ENVISIONING A LESS WASTEFUL DENVER
Let’s face it, Denver— it’s about time that we address our city’s massive waste problem.
Compared to other major cities, Denver has one of the worst recycling rates in the country, and many of the city’s current policies are making it difficult for residents to do the right thing.
TACKLING CLIMATE CHANGE
Waste accounts for 21% of Denver’s greenhouse gas emissions. That is because a huge amount of fossil fuels are used to produce virgin packaging and construction materials like paper, cans, bottles, and concrete. In addition, when organic matter is sent to the landfill, it releases methane, a very powerful greenhouse gas. Increasing Denver's recycling and compost rate is one of the fastest, easiest steps we can take to reach our climate goals.
RECYCLING FOR ALL
Everyone in Denver should have the ability to recycle and compost, yet currently the city doesn’t require apartment complexes with eight or more units to provide either service to residents. To cut costs, many apartment property managers choose to only provide trash service, leaving residents feeling disempowered or forced to drive their recyclables to a drop-off facility or seek out a private composting service.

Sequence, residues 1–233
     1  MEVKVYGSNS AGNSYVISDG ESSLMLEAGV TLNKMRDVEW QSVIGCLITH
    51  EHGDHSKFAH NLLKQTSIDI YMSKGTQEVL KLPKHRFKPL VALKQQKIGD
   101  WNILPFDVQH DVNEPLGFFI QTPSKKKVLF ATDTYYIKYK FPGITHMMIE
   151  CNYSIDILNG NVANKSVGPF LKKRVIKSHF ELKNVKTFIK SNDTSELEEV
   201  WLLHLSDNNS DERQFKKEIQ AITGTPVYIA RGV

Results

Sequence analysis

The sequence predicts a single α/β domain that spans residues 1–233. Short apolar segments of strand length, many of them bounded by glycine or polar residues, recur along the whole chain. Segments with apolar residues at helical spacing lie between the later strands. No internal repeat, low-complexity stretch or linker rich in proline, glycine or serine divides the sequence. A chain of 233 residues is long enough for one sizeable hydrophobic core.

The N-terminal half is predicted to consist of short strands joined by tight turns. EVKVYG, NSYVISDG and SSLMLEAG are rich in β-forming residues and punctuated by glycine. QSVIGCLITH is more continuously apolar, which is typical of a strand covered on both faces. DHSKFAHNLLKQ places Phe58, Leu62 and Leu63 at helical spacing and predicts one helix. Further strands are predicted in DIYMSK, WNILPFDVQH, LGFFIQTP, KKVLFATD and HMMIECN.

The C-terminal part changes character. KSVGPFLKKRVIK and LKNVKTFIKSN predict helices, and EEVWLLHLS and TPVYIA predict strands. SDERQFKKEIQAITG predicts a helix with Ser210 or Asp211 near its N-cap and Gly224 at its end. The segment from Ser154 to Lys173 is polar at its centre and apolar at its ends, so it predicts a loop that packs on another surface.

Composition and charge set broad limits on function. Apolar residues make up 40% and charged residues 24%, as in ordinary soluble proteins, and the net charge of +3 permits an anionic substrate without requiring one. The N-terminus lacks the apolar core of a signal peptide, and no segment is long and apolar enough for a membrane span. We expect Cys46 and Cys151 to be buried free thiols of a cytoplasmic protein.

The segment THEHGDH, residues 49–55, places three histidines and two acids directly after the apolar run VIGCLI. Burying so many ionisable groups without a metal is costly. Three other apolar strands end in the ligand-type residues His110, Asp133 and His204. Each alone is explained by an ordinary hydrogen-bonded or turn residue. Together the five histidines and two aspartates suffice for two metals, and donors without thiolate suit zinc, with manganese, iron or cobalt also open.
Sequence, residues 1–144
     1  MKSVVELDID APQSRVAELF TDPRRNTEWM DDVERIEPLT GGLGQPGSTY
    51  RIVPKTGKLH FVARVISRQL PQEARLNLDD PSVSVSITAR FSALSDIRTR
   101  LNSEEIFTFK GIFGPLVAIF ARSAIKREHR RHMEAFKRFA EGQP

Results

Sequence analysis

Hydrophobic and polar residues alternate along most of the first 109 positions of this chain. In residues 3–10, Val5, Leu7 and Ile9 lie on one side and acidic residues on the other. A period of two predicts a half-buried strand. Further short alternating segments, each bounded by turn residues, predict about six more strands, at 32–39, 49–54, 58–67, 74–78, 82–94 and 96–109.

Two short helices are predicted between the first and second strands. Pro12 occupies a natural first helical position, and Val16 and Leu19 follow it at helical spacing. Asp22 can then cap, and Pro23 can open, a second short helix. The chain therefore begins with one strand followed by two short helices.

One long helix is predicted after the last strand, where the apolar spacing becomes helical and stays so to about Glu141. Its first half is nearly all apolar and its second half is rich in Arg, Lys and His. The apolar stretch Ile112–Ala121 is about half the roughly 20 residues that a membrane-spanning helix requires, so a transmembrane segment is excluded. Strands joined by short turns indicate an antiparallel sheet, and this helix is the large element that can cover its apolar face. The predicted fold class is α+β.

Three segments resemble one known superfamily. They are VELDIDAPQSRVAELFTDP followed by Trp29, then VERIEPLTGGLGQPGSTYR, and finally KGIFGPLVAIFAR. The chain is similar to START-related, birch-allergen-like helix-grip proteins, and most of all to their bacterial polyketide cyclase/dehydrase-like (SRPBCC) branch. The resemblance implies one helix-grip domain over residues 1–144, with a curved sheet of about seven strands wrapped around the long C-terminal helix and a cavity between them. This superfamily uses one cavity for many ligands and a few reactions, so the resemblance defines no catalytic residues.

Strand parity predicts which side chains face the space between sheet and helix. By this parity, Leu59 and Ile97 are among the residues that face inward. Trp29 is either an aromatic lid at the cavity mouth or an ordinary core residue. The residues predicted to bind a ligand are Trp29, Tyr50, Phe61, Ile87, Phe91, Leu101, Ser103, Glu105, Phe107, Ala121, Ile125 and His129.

ZERO WASTE FOR BUSINESSES
Denver businesses generate around 55 percent of the city’s municipal waste, yet aren’t required to recycle or compost. Waste No More would require all businesses — including apartment buildings, condos, restaurants, hospitals, hotels and sporting arenas, to provide compost and recycling pickup services. It would also mandate that all construction and demolition waste must be properly disposed of and it would require recycling and composting at all permitted events.
An increase in recycling will help Denver’s economy as well as our environment. Recycling creates nine times more jobs per ton than sending trash to the landfills. Despite China’s decision to stop importing U.S. recyclables, recyclable materials are still being recycled in Denver, and there are no reports of Denver recyclables being sent to landfills.
In fact, the Momentum Recycling facility in Broomfield remains at less than 70% capacity because it does not receive enough recycled glass from residents and businesses in the Front Range.